Sanshiro Sugata Part II

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Sanshiro Sugata Part II
Zoku Sugata Sanshiro poster.jpg
Original Japanese poster
Directed byAkira Kurosawa
Produced byMotohiko Itō
Written byAkira Kurosawa
Tsuneo Tomita
StarringSusumu Fujita
Denjirō Ōkōchi
Kokuten Kōdō
Ryūnosuke Tsukigata
Music bySeiichi Suzuki
Distributed byToho (Japan)
Film Distribution Inc. (USA)
Release date
  • May 3, 1945 (1945-05-03)
Running time
83 minutes

Sanshiro Sugata Part II (續姿三四郎, Zoku Sugata Sanshirō, a.k.a. Judo Saga II) is a 1945 film written and directed by Akira Kurosawa. It is based on the novel by Tsuneo Tomita. It was filmed in early 1945 in Japan towards the end of World War II. Unlike the original Sugata Sanshiro, the sequel is in part considered a propaganda film.[1]

It is believed to be the earliest known film sequel whose title is simply the original title followed by a number, predating the likes of French Connection II (1975) by decades.[2]


In the 1880s, a martial arts student continues his quest to become a Judo master, from that discipline's founder. Eventually, he learns enough to demonstrate his skill in a boxing match between American and Japanese fighters- at the end of the movie. The whole movie is actually about the rivalry between karate and judo martial artists, and Sanshiro's struggle to do whats right. On one side there is the morally right thing to do, and on the other the rules in the dojo. Eventually he decides to break literally all the rules, leave the dojo, fight the American boxer and, also, the karate masters. He wins both fights and at the end of the movie smiles while washing his face, finally able to sleep and finally be happy


Critical reviews[edit]

Christian Blauvelt writing a review of the Criterion DVD release of the First Films of Akira Kurosawa saw merit in the film though somewhat tainted by noticeable propaganda as a Japanese WWII film released before the end of the war in 1945. Blauvent's review of the film started with a reference to Kurosawa; "His Sanshiro Sugata Part II also incorporates an element of propaganda. His first judo epic had been reviled by the censors for being too Western, even though its villain wore a Western business suit to separate himself from the more spiritual dimension of Japanese martial arts. In Sanshiro Sugata Part II, Sanshiro comes to the aid of defenseless Japanese who are being beaten up by a drunken American sailor. He later must take part in an exhibition where he pits his judo against an American boxer—and of course, his inevitable victory is taken as a sign of Japanese physical, moral, and spiritual superiority. But again, Kurosawa does not portray his society as being monolithically patriotic. Sanshiro must later fight the insane brothers of the first film’s villain, Gennosuke Higaki. Their battle takes place on a snow-covered hillside and matches the natural beauty of the first film’s windstorm finale. In his years apprenticing at P.C.L., Kurosawa had become exposed to the films of John Ford, many of which played in Japan, before the foreign-film embargo that accompanied Japan’s declaration of war on the United States in 1941. Like Ford, Kurosawa would emphasize the place of landscape in his films, often pairing his characters’ emotional turmoil with the Elements. The rain in One Wonderful Sunday, Rashomon, or Seven Samurai, the beating sun in Stray Dog, the sinkhole in Drunken Angel, the snowfall in The Idiot, the wind in Dersu Uzala, and the crashing waves of Kagemusha would express some emotional anguish of the characters and, as a kind of cinematic synecdoche, society as a whole."[3]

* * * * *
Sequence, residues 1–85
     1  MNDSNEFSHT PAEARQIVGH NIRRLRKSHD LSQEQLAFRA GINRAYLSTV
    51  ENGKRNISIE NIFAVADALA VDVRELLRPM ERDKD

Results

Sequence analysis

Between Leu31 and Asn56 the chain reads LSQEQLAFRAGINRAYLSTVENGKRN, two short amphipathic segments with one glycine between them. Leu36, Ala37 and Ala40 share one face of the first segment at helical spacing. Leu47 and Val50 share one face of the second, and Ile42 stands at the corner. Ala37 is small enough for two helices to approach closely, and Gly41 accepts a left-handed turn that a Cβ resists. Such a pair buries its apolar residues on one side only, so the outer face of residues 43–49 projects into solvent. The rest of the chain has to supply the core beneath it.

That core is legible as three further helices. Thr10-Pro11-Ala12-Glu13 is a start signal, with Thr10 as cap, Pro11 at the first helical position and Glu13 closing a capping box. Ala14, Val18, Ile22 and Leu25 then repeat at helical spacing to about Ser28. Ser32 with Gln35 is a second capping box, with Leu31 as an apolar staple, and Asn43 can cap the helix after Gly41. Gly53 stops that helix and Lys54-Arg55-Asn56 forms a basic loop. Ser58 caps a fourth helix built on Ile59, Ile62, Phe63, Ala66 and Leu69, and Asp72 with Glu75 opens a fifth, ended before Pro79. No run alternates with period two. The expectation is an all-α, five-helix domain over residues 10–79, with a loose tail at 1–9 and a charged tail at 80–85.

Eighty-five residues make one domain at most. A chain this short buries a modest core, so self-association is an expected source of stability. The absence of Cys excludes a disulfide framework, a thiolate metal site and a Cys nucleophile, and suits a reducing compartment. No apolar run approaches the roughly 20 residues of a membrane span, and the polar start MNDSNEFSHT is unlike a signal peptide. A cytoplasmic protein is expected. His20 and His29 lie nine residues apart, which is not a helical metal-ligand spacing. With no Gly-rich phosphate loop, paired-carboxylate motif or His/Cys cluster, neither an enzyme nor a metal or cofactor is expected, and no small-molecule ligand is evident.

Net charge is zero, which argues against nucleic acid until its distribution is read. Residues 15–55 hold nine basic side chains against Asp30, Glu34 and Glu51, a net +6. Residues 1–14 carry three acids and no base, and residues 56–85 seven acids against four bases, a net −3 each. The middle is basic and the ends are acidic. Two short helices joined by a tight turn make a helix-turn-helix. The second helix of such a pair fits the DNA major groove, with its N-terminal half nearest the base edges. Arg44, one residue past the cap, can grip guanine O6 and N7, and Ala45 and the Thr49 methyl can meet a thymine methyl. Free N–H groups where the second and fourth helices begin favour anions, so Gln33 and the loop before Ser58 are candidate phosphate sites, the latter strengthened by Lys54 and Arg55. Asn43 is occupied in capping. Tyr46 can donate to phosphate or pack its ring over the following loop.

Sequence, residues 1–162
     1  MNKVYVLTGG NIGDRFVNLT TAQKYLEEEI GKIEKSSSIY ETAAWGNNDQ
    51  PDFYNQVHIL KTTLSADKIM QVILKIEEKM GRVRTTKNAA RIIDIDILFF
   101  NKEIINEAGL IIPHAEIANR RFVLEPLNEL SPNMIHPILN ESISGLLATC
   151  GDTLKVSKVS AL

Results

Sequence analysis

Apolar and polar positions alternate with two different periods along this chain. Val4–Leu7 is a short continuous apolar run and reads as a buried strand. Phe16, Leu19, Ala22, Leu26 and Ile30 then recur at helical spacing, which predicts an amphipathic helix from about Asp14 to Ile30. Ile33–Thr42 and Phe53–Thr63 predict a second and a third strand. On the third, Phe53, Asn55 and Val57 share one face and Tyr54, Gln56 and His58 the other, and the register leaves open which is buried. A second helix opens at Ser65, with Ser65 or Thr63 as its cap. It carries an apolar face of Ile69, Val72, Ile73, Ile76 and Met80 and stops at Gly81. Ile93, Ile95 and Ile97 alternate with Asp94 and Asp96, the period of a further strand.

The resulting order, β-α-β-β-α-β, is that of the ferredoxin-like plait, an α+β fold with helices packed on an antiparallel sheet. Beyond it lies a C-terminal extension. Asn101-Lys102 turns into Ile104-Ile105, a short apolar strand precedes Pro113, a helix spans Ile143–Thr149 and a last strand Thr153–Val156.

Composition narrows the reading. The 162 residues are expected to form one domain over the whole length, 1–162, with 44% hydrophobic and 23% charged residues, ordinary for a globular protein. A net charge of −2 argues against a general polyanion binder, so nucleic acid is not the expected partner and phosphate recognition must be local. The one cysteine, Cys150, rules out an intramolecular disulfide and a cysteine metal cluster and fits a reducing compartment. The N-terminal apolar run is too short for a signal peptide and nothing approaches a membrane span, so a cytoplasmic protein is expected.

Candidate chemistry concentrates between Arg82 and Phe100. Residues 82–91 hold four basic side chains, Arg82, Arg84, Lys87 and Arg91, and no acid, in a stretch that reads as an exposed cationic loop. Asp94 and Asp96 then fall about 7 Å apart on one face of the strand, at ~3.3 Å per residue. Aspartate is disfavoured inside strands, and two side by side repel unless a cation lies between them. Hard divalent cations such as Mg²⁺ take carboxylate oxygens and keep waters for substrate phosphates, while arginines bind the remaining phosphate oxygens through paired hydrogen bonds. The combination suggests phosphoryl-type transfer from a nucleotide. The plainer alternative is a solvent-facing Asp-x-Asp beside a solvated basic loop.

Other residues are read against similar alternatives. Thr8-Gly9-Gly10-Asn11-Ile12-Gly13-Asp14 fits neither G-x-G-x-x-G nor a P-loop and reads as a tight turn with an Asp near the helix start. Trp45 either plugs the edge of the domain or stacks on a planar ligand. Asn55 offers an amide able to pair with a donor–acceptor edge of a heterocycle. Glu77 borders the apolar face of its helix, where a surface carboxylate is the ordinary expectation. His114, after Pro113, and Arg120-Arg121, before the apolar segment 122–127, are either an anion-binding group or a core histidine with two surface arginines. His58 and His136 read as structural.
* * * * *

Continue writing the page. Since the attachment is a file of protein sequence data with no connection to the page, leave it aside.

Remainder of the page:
Home media[edit]

The film was released in 2010 as part of a DVD box set of Kurosawa's early films under the following designation:

  • Eclipse series 23. DVD release. First Films of Akira Kurosawa. The Criterion Collection.


  1. ^ Chris Gosling. Akira Kurosawa: Master of Cinema by Peter Cowie. Accessed 2012-02-19.
  2. ^ Hall, Sheldon; Neale, Stephen (5 November 2017). "Epics, Spectacles, and Blockbusters: A Hollywood History". Wayne State University Press – via Google Books.
  3. ^ Christian Blauvent [1]. Eclipse series 23 DVD release. First Films of Akira Kurosawa. The Criterion Collection. Slant magazine. April 2, 2010.

External links[edit]